The Baron: rejuvenation
Wednesday 7 May 2014
Welcome to The Baron, now upgraded with a bold new look and more features to help you stay in touch with Reuters people past and present.
If you are a returning visitor, at first glance it may seem that little has changed. That is by design. This, the fourth iteration of the site, brings it up to date with the best of web design without imposing on the uncluttered look and feel of the previous one. Most (but not all) of the content of the previous edition has been transferred. The rest will follow soon.
If you are a new visitor you will find much to explore: The Baron is the most comprehensive online resource for topical and historical information about Reuters and those who helped to develop it over more than a century and a half.
The Baron is now fully responsive. It uses a flexible grid system that adapts the layout automatically to mobile devices or computers, whatever their shape, size or aspect ratio. Whether it be on a smartphone, tablet or computer, in your hand or on your desk, content added over the past six years remains available. It’s merely packaged and presented a little differently. It includes more than 1,000 news items, more than 200 items about people, 26 editorials, 29 columns, nearly 700 letters, more than 200 directory listings, and 40 articles from the archive. More is yet to come, including lists of hundreds of books about Reuters, by Reuters people, or relevant to Reuters. This will be done over the coming days and weeks.
Hundreds of people visit The Baron every day. They include past and present employees of Reuters and Thomson Reuters as well as others interested in the news and information business. Some check it more than once a day. The average number of pageviews is more than 1,000 a day.
The Baron remains the leading independent website for news and information about Reuters and its people past and present
Since the launch of The Baron in 2008 people have come to expect to be able to read web content on mobile devices as easily as they do on laptop or desktop computers. Six years ago, smartphones were not so smart as those we now take for granted as essential tools to help us stay connected at any time and at any place. Six years ago, tablets had not been invented. Now one in four visitors comes to The Baron on a mobile device. If you are reading this on a smartphone you will see that the site appears in a way that makes the most of the mobile web. If you do not have a smartphone but wish to see what it looks like on one, simply reduce the width of your browser window to the minimum possible.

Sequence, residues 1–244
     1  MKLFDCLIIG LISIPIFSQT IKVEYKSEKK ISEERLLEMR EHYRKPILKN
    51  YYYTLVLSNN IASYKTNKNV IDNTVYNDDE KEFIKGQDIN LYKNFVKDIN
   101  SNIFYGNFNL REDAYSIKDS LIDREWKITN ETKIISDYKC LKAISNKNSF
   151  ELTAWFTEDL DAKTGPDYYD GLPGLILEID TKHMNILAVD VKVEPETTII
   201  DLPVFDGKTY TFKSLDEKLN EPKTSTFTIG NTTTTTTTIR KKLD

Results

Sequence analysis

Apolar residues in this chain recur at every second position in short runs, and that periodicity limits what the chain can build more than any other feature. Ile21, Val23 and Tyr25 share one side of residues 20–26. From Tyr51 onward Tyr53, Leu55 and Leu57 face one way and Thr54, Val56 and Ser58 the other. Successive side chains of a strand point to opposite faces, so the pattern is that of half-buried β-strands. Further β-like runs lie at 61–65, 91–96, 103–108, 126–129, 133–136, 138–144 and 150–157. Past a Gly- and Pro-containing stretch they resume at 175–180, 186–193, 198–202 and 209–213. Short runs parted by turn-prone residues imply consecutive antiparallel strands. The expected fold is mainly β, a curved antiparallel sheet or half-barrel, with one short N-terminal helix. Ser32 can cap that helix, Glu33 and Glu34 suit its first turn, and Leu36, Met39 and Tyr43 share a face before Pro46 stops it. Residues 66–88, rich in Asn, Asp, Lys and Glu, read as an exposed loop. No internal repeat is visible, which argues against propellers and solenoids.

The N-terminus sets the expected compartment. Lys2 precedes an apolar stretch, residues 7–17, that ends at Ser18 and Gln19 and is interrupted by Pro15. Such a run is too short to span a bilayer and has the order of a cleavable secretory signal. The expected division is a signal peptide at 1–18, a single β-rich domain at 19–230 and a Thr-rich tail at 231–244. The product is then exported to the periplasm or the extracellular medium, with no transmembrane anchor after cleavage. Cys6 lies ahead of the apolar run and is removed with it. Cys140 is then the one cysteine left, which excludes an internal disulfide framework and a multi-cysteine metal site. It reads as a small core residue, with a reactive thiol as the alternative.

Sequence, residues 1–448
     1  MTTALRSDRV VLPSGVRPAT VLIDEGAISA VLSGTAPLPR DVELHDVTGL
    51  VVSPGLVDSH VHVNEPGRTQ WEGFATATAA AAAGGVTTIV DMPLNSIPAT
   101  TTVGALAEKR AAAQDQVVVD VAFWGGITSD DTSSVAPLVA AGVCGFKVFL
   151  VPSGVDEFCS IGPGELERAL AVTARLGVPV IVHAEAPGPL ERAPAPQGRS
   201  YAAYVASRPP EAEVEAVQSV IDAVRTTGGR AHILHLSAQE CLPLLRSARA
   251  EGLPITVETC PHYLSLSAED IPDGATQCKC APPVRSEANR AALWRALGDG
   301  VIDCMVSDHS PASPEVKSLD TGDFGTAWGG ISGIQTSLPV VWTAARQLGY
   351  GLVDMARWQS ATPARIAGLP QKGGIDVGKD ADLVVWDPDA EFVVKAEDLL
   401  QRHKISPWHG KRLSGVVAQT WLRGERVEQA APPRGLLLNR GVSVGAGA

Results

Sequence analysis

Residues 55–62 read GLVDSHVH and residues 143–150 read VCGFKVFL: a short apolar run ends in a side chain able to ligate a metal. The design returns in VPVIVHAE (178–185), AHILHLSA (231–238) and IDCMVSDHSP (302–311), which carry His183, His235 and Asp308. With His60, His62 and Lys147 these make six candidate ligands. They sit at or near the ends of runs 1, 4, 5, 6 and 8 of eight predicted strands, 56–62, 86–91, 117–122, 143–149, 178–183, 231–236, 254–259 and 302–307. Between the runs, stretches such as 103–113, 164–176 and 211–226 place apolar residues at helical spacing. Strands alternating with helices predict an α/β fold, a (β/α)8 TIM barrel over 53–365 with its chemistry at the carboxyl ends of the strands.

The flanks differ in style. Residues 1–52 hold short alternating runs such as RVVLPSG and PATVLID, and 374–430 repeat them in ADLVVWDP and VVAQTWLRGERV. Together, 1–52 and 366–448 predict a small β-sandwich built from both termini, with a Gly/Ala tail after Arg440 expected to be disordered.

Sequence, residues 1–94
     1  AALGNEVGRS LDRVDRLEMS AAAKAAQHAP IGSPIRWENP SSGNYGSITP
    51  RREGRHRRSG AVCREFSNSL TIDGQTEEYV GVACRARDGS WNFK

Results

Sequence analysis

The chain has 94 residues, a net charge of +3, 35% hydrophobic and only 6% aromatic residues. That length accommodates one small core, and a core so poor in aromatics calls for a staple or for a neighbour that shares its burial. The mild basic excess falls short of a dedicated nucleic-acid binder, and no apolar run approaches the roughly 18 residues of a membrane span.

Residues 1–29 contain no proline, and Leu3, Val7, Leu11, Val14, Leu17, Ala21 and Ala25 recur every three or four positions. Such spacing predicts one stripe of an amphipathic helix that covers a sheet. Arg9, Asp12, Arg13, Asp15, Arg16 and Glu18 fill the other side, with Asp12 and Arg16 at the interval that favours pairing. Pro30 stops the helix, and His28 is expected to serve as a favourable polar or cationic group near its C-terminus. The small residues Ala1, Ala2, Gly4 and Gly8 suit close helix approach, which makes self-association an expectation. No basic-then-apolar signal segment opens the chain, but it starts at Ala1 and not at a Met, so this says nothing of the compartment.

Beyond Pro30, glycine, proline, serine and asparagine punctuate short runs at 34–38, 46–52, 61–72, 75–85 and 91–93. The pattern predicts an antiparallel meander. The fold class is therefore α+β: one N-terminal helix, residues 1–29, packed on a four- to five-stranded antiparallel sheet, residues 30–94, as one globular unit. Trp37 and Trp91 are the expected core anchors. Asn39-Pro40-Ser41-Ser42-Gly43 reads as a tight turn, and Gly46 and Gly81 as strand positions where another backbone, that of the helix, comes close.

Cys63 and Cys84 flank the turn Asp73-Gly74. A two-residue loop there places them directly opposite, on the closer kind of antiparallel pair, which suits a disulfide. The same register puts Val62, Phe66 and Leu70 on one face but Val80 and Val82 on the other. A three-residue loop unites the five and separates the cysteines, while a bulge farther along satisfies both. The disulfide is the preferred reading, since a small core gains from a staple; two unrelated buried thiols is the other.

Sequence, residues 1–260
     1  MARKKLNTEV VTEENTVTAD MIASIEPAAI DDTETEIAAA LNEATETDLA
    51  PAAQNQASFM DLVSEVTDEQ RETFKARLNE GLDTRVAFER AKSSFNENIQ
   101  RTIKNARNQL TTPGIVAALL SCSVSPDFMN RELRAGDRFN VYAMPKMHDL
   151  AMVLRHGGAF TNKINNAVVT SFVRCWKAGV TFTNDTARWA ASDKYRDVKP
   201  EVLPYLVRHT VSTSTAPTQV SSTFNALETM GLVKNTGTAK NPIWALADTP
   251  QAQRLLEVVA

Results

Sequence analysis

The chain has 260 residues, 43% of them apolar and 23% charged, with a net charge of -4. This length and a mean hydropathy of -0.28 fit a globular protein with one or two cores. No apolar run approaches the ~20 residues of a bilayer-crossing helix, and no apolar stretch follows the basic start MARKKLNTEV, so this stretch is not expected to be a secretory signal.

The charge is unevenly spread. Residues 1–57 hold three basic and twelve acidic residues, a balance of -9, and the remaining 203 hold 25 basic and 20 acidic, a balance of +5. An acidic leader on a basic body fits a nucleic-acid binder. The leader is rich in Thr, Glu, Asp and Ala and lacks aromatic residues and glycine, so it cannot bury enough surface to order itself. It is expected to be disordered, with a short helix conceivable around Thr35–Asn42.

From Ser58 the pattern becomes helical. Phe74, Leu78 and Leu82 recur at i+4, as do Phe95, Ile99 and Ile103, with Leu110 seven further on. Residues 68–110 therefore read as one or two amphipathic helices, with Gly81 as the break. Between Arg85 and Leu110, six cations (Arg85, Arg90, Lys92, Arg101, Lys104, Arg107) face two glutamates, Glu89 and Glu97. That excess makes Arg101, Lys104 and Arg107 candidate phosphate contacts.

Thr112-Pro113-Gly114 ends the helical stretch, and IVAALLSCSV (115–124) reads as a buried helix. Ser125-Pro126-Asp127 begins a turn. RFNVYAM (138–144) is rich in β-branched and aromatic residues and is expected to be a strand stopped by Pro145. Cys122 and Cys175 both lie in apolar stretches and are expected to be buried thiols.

In re-thinking the design of The Baron and re-building it on stronger foundations, the intention has been to keep the clean appearance and intuitive ease of navigation inherent in the original format. While the underlying architecture that holds it all together is new, many of the changes are invisible to readers. Their purpose is to make the site’s production more efficient.
The mail section has been renamed comment, reflecting its content more accurately. Commentary - opinion pieces by named writers - is now called columns. The search engine is better, and if you have an RSS reader installed you can subscribe to a direct feed of updates. Sharing, e-mailing and printing individual items are all easier too. The scrolling ticker now appears at the top of every page instead of just Home. It can be moved up, down or halted. Clicking on a headline in the ticker will take you directly to that item. A navigation bar at the bottom of every item enables you to move forward to the next item in that section or back to the previous one. And, no matter where you are on the site, a contact form is always nearby so that you can send a message to the editor quickly and easily.
What has not changed is that The Baron remains the leading independent website for news and information about Reuters and its people past and present. News and information about Reuters’ parent company, Thomson Reuters, is here too.
Social engagement is important for many of the growing number of visitors to The Baron. A presence is maintained on social media networks Facebook, Twitter and LinkedIn where you can connect with nearly 4,000 people through Baron affinity groups. More are joining every day.
The Baron is independent of any corporate ownership, sponsorship or advertising. It costs nothing to access. That means it must rely on voluntary donations from readers. Many people have kindly made donations. Their support is received most gratefully. If you like The Baron’s new look and enjoy exploring all that it has to offer, please give whatever you can to help sustain it and defray development and ongoing maintenance costs. You can help at the Support The Baron panel on the right.
Thank you and, once again, welcome. Now read on. ■